Ancient Near East: Historical Sources in Translation Ancient Near East: Historical Sources in Translation (Blackwell Sourcebooks in Ancient History)

Review:
A Choice Outstanding Academic Title for 2007

"Blackwell has rendered an excellent service to the study of the Ancient Near East by undergraduates – and, indeed, to those of the general public with anything more than superficial interest in the subject ... Chavalas provides a solid textual basis for a better understanding of this area."

Scholia

"Mark W. Chavalas has gathered an excellent ensemble of scholars and doctoral candidates to edit and translate representative historical texts from the major cultures of the ancient Near East into English ... Students and non-specialists who are embarking on the study of the ancient Near East would do well to consult The Ancient Near East for a quick reference to Near Eastern historical documents."

Bryn Mawr Classical Review

"An invaluable reference for most academic and large public libraries."

Choice

"An extremely full selection of texts of historical import and an invaluable resource for college and university teaching. The extensive commentaries make it accessible for anyone interested in investigating the manner in which the peoples of the ancient Near East represented their past."

Gary Beckman, University of Michigan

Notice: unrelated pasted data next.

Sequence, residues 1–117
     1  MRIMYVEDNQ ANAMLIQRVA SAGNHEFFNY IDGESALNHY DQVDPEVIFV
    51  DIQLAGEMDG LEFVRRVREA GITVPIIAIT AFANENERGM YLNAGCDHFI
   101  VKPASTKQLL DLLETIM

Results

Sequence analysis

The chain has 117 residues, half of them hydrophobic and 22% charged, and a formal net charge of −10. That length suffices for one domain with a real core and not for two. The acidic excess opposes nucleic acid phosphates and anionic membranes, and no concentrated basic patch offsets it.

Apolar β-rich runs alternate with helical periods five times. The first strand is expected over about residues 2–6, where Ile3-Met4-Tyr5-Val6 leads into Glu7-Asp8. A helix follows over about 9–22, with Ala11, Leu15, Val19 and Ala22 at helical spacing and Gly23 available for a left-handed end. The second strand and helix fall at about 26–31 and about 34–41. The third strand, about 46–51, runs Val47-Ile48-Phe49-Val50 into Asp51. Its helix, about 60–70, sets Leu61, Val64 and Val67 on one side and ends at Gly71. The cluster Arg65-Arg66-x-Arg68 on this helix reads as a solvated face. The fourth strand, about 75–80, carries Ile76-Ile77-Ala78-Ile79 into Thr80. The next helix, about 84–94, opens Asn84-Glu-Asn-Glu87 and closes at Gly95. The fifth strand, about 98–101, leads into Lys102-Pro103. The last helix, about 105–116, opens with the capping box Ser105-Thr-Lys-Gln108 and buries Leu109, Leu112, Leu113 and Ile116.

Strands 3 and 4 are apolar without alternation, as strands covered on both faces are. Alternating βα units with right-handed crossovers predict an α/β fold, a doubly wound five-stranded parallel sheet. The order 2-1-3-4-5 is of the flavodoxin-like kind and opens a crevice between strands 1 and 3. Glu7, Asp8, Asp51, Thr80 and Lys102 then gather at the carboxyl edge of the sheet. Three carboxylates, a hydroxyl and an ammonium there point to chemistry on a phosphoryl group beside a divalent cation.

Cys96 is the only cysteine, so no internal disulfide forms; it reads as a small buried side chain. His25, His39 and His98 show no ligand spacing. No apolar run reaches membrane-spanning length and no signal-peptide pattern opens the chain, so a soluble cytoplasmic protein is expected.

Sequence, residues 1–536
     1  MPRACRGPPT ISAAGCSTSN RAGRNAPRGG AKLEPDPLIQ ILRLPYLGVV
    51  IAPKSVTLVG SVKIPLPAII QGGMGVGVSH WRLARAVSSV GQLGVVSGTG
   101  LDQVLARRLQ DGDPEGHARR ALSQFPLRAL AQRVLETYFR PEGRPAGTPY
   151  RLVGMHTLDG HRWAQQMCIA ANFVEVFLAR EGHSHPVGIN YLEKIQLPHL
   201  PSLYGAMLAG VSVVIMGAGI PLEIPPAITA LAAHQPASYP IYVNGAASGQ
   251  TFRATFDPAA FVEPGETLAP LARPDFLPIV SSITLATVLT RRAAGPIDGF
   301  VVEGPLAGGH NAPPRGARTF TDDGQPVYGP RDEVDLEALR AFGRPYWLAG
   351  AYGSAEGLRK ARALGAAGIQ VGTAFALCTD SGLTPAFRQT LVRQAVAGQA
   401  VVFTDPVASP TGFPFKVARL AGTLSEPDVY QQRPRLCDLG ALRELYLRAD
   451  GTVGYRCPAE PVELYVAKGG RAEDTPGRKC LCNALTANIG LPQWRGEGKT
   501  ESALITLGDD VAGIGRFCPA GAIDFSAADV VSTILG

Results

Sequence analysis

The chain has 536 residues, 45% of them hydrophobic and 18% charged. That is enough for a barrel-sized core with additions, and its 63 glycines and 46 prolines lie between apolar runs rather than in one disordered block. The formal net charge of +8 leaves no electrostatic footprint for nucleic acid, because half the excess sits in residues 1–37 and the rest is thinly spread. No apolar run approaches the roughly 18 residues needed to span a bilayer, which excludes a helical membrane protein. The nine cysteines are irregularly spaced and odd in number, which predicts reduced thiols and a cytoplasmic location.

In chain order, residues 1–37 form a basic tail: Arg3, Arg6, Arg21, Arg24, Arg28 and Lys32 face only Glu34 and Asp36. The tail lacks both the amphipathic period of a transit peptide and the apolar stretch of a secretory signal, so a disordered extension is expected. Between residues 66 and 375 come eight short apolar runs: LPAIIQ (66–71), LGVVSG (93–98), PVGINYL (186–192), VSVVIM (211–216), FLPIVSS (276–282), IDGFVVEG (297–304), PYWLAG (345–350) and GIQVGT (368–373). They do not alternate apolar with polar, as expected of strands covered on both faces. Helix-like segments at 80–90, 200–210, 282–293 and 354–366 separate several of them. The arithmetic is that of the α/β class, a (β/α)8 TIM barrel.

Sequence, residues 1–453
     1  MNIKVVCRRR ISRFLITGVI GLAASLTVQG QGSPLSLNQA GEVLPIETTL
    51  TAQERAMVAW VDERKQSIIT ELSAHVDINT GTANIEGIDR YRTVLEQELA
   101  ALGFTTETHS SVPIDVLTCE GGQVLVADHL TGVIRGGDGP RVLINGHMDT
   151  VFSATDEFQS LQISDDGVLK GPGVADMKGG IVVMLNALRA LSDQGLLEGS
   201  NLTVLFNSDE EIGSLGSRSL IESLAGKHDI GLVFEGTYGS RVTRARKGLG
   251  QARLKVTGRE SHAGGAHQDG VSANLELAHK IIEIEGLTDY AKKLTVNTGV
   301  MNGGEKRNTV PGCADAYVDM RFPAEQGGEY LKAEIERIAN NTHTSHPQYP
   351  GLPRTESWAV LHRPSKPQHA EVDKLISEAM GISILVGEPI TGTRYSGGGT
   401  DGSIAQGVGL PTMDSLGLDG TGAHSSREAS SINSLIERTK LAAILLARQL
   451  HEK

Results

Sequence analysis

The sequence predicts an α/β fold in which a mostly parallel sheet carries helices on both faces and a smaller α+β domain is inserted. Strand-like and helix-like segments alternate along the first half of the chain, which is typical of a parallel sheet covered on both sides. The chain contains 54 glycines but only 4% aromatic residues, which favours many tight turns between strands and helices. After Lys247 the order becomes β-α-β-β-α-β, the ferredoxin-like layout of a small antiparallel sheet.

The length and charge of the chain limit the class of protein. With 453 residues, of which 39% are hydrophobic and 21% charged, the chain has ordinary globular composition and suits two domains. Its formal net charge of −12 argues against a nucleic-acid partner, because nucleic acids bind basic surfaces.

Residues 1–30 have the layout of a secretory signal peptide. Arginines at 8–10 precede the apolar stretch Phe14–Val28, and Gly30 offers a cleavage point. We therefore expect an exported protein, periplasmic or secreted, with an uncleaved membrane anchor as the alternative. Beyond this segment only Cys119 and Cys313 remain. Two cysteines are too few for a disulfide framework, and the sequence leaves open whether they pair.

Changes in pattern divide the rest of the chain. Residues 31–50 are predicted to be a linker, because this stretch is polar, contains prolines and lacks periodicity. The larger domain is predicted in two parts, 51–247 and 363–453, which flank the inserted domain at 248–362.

"Chavalas has assembled a sterling cast of translators. The historical introductions bristle with insights and the book gives us 'history from above' in the best sense."

Daniel C. Snell, The University of Oklahoma

"Mark Chavalas has gathered an impressive international group of scholars, who offer a judicious sampling of texts from Mesopotamia and related ancient Near Eastern cultures. The texts are carefully translated and liberally provided with illuminating introductions and commentary. In all, a volume that should become a prized resource for students and scholars alike."

Peter Machinist, Harvard University

"A welcome and affordable anthology in English and the editor and the contributors deserve our thanks for their efforts. It is extremely readable, the translations are admirably put into context and by and large excellent."

J.G. Dercksen, Boekbesprekingen - Algemeen

"This much-needed, well-done primary sourcebook … is a must for anyone teaching the history of the ancient Near East."

Religious Studies Review

Product Description:
This book presents new translations of Mesopotamian and ancient Near Eastern historiographic texts, providing the reader with the primary sources for the history of the ancient Near East.


  • #  A primary source book presenting new translations of Mesopotamian and ancient Near Eastern
        historiographic texts, and other related materials.
  • #  Helps readers to understand the historical context of the Near East.
  • #  Covers the period from the earliest historical and literary texts (c.2700 B.C.) to the latest
        Hellenistic historians who comment on ancient Near Eastern history (c.250 B.C.)
  • #  Texts range from the code of Hammurabi to the Assyrian royal inscriptions.
  • #  A detailed commentary is provided on each text, placing it in its historical and cultural context.
  • #  Maps, illustrations and a chronological table help to orientate the reader.

Ancient Near East: Historical Sources in Translation  Softcover: 472 pagesThe Ancient Near East